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 Post subject: Re: Garden Chat
PostPosted: Wed Dec 24, 2014 4:51 pm 
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Super cute.

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 Post subject: Re: Garden Chat
PostPosted: Thu Dec 25, 2014 4:06 pm 
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Seagull of the PPK
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that is such a good idea!! I planted them in lines, so I could actually rig up a support fence pretty easily, for some reason once it grew into a jumble i totally forgot about that option.

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 Post subject: Re: Garden Chat
PostPosted: Wed Dec 31, 2014 1:54 am 
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Dying from Nooch Lung
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Location: SF Bay area
I just caught a Goldfinch nomming on my volunteer sunflower plant leaves! Apparently this is pretty common, especially in california. It's so cute!!

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 Post subject: Re: Garden Chat
PostPosted: Mon Apr 13, 2015 6:56 pm 
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Dr Bronners, MD
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yay! my plum trees are finally flowering... but... they're right next to the porch door. i found a little bee on the porch, so i moved her out to the tree. she seemed really tired, but at least she climbed onto and off the spoon on her own. she looked like a bumbler, but was only the size of my thumbnail.

i also pruned my grapevine too late. (oops!) hopefully it didn't die. it was leaking a lot.

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 Post subject: Re: Garden Chat
PostPosted: Mon Apr 13, 2015 10:29 pm 
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Dying from Nooch Lung
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Location: SF Bay area
Would anyone be interested in doing a seed exchange?

I don't have much right now except for loads of California lupine, nasturtiums, and geraniums. I hope to harvest some other native seeds from my garden soon!

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 Post subject: Re: Garden Chat
PostPosted: Mon Jun 08, 2015 3:24 pm 
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Dr Bronners, MD
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Location: Portland, OR
I'm off to buy my first pair of gardening gloves!! (which I haven't worn since my gradeschool handbell choir, a lifetime ago!)

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 Post subject: Re: Garden Chat
PostPosted: Mon Jun 08, 2015 5:00 pm 
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Dr Bronners, MD
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just say no to boss and yes to atlas if you can find them. (they're the best! i order them by the dozen on amazon.)

p.s. i have learned that i need to do a trimming of the roman chamomile in mid-spring, or else extremely unsightly floppage occurs. oops!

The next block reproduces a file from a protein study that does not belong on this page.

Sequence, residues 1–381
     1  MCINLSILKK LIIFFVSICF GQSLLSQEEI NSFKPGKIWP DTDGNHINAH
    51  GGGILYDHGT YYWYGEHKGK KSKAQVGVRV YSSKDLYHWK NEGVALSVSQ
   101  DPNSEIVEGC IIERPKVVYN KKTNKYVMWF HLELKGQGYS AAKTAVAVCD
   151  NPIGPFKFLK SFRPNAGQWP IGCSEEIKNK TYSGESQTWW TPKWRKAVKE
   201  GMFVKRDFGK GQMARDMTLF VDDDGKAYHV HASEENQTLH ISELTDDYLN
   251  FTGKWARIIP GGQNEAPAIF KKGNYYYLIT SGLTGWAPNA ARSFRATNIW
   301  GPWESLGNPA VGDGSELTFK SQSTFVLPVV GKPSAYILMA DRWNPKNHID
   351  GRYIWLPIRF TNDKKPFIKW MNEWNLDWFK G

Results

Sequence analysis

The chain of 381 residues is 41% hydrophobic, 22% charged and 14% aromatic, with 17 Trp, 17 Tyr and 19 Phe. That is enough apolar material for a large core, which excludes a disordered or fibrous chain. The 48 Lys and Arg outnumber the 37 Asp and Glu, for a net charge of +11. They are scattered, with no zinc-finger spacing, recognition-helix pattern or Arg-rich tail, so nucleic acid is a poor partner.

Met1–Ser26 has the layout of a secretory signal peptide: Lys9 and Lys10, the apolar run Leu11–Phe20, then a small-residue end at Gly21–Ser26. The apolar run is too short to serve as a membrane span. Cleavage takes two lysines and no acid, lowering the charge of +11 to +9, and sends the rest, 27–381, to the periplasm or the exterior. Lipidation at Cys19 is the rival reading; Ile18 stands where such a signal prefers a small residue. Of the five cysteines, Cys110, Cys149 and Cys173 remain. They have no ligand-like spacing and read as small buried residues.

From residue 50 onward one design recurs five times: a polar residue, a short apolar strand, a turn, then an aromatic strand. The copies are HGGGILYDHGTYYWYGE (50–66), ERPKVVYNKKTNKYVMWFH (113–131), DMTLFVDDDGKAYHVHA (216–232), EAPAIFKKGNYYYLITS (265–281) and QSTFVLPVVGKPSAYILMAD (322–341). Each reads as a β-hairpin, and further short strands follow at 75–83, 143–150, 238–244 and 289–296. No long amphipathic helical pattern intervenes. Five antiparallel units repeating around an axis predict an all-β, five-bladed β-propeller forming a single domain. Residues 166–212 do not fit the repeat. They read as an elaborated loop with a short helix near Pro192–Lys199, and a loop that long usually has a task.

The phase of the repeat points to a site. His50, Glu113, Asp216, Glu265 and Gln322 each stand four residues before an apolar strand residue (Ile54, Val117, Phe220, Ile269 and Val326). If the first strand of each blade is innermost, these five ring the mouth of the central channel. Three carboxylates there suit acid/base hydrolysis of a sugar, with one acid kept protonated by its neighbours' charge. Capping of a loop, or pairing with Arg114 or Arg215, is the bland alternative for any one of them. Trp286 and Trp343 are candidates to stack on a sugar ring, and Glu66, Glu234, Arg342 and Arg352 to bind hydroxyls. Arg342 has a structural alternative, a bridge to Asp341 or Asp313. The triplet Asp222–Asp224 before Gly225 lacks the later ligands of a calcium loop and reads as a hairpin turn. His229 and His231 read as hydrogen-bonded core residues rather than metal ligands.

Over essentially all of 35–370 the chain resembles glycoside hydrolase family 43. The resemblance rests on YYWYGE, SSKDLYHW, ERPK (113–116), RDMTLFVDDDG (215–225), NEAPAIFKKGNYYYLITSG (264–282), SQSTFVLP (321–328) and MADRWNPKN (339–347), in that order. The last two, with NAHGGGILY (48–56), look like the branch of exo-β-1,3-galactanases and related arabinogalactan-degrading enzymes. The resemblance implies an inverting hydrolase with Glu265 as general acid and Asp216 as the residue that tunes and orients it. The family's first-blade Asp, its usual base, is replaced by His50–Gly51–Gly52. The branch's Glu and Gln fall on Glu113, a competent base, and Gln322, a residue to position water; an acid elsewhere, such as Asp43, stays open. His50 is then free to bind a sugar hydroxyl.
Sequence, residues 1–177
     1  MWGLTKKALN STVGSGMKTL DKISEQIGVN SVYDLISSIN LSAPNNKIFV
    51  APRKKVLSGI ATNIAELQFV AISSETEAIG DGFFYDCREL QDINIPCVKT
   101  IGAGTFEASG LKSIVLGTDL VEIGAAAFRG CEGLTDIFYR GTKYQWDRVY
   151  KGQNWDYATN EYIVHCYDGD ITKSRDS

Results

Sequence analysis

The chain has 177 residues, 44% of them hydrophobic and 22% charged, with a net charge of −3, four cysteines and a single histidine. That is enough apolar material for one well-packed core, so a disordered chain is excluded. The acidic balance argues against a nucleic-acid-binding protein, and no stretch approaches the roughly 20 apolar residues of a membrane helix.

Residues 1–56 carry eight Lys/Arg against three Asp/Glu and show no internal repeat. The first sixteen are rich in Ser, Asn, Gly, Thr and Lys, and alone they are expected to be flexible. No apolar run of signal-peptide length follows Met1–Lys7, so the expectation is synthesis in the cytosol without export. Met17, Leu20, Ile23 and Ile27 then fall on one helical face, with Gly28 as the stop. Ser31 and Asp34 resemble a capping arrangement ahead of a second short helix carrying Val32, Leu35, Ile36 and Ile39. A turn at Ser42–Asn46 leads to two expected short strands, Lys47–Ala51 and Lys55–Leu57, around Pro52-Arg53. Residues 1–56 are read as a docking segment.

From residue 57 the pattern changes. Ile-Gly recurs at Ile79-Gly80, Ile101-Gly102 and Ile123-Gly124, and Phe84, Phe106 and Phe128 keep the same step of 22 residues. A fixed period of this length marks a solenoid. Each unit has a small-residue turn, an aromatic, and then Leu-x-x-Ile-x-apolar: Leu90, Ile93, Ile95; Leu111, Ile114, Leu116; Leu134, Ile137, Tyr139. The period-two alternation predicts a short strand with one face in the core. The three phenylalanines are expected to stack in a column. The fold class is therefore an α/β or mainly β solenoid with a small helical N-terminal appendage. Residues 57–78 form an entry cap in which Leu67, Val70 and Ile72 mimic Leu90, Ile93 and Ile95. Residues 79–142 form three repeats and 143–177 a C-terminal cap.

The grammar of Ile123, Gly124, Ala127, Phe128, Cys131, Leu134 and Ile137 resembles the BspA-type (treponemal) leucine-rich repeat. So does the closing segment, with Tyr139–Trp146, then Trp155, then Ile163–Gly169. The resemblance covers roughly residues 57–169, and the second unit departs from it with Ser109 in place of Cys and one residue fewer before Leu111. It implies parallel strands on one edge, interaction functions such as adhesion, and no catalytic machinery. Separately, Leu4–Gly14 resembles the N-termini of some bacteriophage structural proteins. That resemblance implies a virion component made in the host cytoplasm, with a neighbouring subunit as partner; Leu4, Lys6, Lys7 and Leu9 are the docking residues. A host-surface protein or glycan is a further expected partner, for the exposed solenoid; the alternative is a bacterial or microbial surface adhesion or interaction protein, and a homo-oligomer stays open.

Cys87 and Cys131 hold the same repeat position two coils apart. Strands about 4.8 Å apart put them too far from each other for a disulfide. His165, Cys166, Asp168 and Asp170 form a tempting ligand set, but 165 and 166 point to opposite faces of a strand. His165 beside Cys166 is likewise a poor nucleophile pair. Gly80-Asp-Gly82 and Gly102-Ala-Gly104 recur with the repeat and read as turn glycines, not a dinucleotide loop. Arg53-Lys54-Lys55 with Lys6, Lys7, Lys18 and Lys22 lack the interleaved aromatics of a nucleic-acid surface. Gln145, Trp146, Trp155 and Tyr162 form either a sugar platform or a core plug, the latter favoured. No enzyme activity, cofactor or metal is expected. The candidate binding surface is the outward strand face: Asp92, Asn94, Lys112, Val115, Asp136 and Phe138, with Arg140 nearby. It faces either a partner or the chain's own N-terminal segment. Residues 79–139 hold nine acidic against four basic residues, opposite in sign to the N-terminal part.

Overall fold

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 Post subject: Re: Garden Chat
PostPosted: Sat Jun 20, 2015 5:07 am 
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Just discovered a pretty patch of buttercups growing in my back garden :) Thanks, birds!

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 Post subject: Re: Garden Chat
PostPosted: Sat Jun 20, 2015 2:25 pm 
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Dr Bronners, MD
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Location: Portland, OR
Today I planted: 2 types of pumpkin, butternut squash, japanese eggplant and cauliflower (from seed) and early girl tomatoes and sweet thai basil (from starts). That's gonna be it until lettuce time is over.

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 Post subject: Re: Garden Chat
PostPosted: Thu Jul 02, 2015 1:43 pm 
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TOTALLY CRADICAL
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Location: Smugville, CA
After some intense online research, I have placed an order for a giant white bird of paradise! I'm really surprised, it's only $17.50 and I'll be picking it up within a couple of weeks.

It will take many years to spite-grow the lovely shrubbery tall enough to block my neighbor's un-permitted balcony, which pretty much turns my backyard into a fishbowl, but it's worth it!

ETA:
Image

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 Post subject: Re: Garden Chat
PostPosted: Thu Jul 02, 2015 1:54 pm 
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Dr Bronners, MD
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Location: 5 mi east of philly
i'm ordering nematodes. flies are devouring my plums. :-( (and the ones that the flies haven't gotten to appear to possibly be host to plum curculios. (there's a neighbor 2 blocks away that leaves their pears to rot on their lawn, which i'm sure is the source of the adults that made their way to my tree) well, now that i know this is a problem, i can work on it. (and maybe i'll stealth apply some nematodes to the neighbor's lawn.)

i'm going to also put the nematodes in the compost pile so they can congregate in the dog poos.

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I solved it for once and for all -- and for everyone -- by intentionally leaving behind some 9-lives burritos... ~Lorelei4mc